The Top 5 Challenges that I Have Personally Seen
I was in attendance at an enterprise agile rollout risk/mitigation session last week where the topic was brainstorming ways in which the rollout of enterprise agility could conceivably fail. The idea was to identify the potential failures modes, and then put in place a risk mitigation strategy for those that jumped to the top of the pareto chart. Much of the session was relevant only to that companies particular context, but it gave me a chance to reflect on the major risks that I have witnessed – not imagined, but actually experienced – and here they are:
Dev managers/executives who either don’t believe in agile or hide behind the rationale that it takes a very long time to deliver quality software and that an extensive period of analysis and design is necessary
before any value delivery, i.e.
- (“we need 4-6 months of analysis and design now to avoid future rework”)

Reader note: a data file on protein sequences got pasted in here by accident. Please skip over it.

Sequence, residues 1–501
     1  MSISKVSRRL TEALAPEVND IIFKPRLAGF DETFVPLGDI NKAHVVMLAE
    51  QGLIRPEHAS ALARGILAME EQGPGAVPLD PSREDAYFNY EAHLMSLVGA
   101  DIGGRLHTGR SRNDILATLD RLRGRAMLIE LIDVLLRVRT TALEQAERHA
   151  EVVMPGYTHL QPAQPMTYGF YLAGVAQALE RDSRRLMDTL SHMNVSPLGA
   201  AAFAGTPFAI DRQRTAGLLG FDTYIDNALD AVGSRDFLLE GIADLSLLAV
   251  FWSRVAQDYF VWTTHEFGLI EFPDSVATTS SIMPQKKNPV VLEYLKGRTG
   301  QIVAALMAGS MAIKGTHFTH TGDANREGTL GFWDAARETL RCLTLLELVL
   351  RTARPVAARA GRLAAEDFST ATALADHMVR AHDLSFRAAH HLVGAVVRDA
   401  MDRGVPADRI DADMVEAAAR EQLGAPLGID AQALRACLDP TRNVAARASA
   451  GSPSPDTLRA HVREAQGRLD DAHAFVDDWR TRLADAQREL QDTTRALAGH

Teams can’t execute basic technical practices that are necessary to meet short iterations.
- Whether due to Lack of training, commitment, ability, infrastructure or whatever, let’s admit it – agile is hard at the engineering level
HR/organization policies do not support personnel change driven by agile, i.e.
- (“Our people are our asset, is it incumbent on us to make them successful here, and in their current role”)
Forced prioritization rejected flatly by Product Managers who simply mandate that they want it all and it is all critical, i.e.,
- “we must have it ALL and by THEN or we cannot compete in the marketplace”
Executives having to admit that they cannot predict or guarantee long term deliverables, i.e.
- “We are a professional company, we can and do make specific, long term commitments to our customers, they, nor I, expect anything less.”
These are some tough challenges for the agile champions, but as with any addiction, recognizing the problem is the first step towards recovery!